Choosing paint colour is easy



Whether painting your home for the very first time or updating your home, selecting the right paint colour can be a difficult choice to make. How do you know what paint colour works best in a particular room, or what colour goes best with your existing furniture and furnishings? Choosing paint colour doesn’t have to be a hard decision and we’ll show you how to make the process easier.

Over at we receive regular enquiries for assistance on what paint colours to use and, while picking the right colour is a personal preference, we can offer advice on colour schemes using a single colour as a starting point and offering complementary colour combinations. The easiest way to do this is by using the Plascon Inspired Colour System


 016This free, online tool allows you to pick a single colour and then view colour options by selecting Monochromatic, Complementary, or Adjacent colours. The process of choosing paint colour couldn’t be easier!

If you are still unsure, ask for tester pots that you can apply to walls, or take home paint swatches. Paint the samples onto a white background and allow the colour to settle for at least 2 to 3 days, or stick paint swatches onto the wall.

This will allow you to view the colours at different times in the day to see how natural or artificial light affects the colour. The only fail-safe way to test a colour in different lights is to paint a large square in the room and see how it looks throughout the day as the sun passes overhead.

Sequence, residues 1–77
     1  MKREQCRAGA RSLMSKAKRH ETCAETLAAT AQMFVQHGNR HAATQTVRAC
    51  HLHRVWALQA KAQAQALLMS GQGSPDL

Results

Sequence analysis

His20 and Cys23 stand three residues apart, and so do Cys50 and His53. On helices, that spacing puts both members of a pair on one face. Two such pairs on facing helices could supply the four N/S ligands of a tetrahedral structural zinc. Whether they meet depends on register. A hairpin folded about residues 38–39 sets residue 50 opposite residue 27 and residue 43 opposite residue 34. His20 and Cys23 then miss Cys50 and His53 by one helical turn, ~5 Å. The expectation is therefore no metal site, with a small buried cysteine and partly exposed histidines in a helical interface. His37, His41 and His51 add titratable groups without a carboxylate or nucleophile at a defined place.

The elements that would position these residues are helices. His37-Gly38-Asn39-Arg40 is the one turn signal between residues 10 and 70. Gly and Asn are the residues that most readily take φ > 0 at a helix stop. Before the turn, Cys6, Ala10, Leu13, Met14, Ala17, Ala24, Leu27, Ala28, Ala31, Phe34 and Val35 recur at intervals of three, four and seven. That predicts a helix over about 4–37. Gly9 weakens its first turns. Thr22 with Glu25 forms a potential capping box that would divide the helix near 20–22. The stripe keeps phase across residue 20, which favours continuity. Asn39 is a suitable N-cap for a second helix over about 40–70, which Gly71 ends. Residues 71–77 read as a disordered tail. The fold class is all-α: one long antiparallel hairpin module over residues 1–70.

Picking your favourite colour from a paint swatch is easy, but making it work in a real interior can be a challenge. Room size, existing furniture and the amount of natural light can all have a dramatic impact on how a colour looks, but with a few tricks you can use colour to your advantage by accentuating the features of the room that you like best and disguising those you don’t.



– Use colour to create an optical illusion

In a small cramped room that you want to feel more spacious, opt for white, neutrals or cool blues and greens. If the ceiling is low you can give it a natural lift by painting it brilliant white or a lighter tone of the same colour used on the walls.

Use vertical and horizontal stripes to add the illusion of height or lower a ceiling, or to visually expand the size of a room.

Light and dark colours can also be used to fool the eye. A dark feature wall in a long, narrow room will have the effect of making the wall seem closer, while a light colour will make the wall appear further away.




– Use colour to create comfort

You can make a large and drafty space feel more homely by choosing a warmer palette of yellows, oranges or reds.

When using bold or dark colours you can still bring light into a room by using plenty of reflective or metallic surfaces. Introduce mirrors, chandeliers, lacquered furniture and spotlights to balance the dark shades of the walls. Also use lots of rugs, cushions and throws to make a room cosy – even when you are using strong colours.




– Factor in natural and artificial light

North-facing rooms that have warmer natural light can take cooler colours without feeling icy, while south-facing rooms get less light and can use a boost from a warmer palette.

In open-plan living areas you may want to use colour to demarcate distinct zones such as a dining area, living area and kitchen. Use colours adjacent to one another on the colour wheel to create a harmonising effect or different tones of the same colour for a monochromatic colour scheme.

Choose complementary colours which sit opposite one another on the wheel for a dramatic scheme, such as purple and yellow for example. The same principles apply to adjoining rooms as your home will feel much more finished and cohesive if you consider the way colours complement each other from one room to the next.


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